Casein powder bowl with brass fittings 1930s Buttons made from Erinoid casein Galatix dressing table ware  
Electrical and other components made from Erinoid casein Casein knitting needles Propelling pencils made from casein


Casein plastics were introduced at the beginning of the 20th century, their starting material being the protein in cows milk, precipitated by the action of the enzyme rennin.

Although casein is readily moulded to shape under moderate heat and pressure, it does not produce a stable material for manufacture until it has become hardened by soaking in formalin (5% solution of formaldehyde in water) for a long period. Unfortunately, this causes much distortion so casein plastics are almost always produced by machining stock material such as sheet, rod, tube or buttton blanks (small discs). After machining, casein may be polished either mechanically with abrasives or chemically with a ‘dip polish’.

The material readily takes a surface dye, so coloured items can be quickly made from pale coloured stock items. This was especially important for the button trade which was the principal consumer of casein plastics.

As well as buttons and buckles, casein was also used for knitting pins, fountain pen and propelling pencil barrels, dressing table ware and a host of other items.

In more detail

Casein, the protein in milk was used by the Ancient Egyptians as a fixative for pigments in wall paintings. It has also been used as a constituent in various glues but it appears not to have been used as the basis of a solid plastics material until the end of the 19th century. Krisch, head of a large firm of printers in Hanover experimented with casein to make a washable white board for replacing the slates used in school – paper was too expensive at that time for use by children to practise writing. He collaborated with Adolf Spitteler, a chemist in Bavaria and on July 15th 1899, a patent for “plastic compositions” was taken out in Germany.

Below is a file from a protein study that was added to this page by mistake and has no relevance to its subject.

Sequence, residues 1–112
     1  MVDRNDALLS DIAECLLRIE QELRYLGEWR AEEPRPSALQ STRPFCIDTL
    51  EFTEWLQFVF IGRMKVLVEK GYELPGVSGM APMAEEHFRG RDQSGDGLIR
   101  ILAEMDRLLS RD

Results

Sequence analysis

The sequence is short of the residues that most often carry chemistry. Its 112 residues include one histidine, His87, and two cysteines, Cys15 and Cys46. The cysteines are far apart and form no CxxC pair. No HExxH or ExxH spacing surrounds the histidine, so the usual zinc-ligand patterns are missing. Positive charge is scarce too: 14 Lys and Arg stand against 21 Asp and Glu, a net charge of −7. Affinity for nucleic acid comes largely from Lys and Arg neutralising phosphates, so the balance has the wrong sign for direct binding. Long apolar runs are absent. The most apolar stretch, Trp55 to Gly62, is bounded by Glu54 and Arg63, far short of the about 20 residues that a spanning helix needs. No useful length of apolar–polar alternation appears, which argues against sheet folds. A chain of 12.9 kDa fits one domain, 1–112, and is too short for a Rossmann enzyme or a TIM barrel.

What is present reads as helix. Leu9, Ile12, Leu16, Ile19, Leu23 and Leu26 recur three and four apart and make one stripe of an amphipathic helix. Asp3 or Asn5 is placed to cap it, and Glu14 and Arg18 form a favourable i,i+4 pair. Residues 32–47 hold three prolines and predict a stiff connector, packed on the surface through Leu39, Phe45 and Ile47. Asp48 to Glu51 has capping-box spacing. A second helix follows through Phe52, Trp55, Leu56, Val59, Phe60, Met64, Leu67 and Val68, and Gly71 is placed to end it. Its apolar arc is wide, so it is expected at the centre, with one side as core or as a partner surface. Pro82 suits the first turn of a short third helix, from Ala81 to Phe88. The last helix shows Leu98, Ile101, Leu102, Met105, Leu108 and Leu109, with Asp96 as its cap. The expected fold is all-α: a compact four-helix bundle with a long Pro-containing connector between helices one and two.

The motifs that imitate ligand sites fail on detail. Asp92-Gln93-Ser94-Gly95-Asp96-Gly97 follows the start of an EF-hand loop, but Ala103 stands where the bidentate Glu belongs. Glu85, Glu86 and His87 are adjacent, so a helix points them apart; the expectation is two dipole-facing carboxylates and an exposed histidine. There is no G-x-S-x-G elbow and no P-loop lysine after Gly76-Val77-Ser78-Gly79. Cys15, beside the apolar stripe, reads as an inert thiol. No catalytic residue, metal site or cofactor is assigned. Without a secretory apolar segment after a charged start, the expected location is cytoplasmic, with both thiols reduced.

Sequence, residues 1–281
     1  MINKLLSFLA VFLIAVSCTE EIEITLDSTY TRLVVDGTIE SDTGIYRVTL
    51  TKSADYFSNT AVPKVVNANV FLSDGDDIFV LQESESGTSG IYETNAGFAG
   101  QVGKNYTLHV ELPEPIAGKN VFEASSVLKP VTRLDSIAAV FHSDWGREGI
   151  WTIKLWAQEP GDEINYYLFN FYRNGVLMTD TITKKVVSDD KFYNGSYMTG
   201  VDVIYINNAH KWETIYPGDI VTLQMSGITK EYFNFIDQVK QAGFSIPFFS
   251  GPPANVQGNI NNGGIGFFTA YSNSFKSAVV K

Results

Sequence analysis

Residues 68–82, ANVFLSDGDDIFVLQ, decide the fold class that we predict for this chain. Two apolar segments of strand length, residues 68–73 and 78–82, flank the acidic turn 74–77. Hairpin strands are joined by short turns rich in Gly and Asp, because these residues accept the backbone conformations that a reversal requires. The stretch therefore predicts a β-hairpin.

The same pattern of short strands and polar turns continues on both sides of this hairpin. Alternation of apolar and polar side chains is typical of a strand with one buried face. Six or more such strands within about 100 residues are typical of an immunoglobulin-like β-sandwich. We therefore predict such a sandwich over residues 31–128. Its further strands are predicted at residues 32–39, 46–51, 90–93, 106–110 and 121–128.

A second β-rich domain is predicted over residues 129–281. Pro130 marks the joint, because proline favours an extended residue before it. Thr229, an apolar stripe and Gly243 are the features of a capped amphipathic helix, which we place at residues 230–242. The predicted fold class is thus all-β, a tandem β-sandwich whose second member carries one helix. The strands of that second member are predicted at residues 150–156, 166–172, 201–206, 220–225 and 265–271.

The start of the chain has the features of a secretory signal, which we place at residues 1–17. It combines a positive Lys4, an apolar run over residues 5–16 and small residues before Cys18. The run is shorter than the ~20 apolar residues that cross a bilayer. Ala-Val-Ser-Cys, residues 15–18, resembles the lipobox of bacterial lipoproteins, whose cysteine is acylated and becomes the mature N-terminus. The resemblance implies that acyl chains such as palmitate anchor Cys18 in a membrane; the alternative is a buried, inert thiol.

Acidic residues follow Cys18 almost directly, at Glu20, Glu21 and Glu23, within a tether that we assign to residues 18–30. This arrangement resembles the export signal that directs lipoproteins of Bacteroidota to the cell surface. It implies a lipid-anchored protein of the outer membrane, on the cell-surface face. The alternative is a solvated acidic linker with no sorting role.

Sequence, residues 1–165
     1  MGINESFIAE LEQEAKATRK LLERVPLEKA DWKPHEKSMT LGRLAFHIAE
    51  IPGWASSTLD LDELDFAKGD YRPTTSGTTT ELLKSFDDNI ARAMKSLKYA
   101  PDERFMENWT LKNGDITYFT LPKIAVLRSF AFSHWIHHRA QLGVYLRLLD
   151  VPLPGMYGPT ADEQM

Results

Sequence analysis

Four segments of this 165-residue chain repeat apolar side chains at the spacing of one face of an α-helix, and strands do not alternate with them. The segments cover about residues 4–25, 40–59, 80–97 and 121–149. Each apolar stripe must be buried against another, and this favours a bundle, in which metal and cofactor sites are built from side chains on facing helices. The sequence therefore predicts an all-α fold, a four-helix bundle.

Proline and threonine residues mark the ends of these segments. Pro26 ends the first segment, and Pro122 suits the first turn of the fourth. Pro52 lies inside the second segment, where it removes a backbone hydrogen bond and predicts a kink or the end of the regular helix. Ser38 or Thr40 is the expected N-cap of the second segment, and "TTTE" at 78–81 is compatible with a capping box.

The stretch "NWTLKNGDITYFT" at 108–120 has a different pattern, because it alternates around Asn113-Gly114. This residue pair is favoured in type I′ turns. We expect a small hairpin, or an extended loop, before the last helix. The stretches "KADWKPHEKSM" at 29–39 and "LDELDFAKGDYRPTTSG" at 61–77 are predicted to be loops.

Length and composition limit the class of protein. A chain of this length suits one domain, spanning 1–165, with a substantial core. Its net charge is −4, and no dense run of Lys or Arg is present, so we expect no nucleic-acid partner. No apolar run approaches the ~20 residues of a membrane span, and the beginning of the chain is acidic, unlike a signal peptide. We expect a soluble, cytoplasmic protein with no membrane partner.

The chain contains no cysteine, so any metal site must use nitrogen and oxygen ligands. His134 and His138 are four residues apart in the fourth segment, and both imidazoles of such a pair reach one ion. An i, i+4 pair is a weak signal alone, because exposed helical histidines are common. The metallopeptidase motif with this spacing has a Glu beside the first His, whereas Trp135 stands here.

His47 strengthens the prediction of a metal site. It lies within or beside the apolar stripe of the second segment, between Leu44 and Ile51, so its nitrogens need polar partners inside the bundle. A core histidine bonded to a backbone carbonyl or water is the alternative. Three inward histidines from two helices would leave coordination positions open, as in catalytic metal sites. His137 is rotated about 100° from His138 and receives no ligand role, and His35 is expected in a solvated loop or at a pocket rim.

The patent was taken up by firms in Germany (Vereinigten Gummivarenfabriken, at its factory in Harburg) and in France by Pellerin and Orosdi (Compagnie Francaise de la Galalithe, at Levallois Perret). The product was introduced under the trade name Galalith and was first shown at the Paris Universal Exhibition in 1900. A lot of development work was still required to produce a stable material, and the two companies merged in 1904 to form the International Galalith Gesellschaft Hoff and Company with a new factory in Harburg. A process starting with dried casein granules, known as the dry process, was developed and this was to become the universally adopted method for casein plastics manufacture and remained virtually unchanged throughout its history.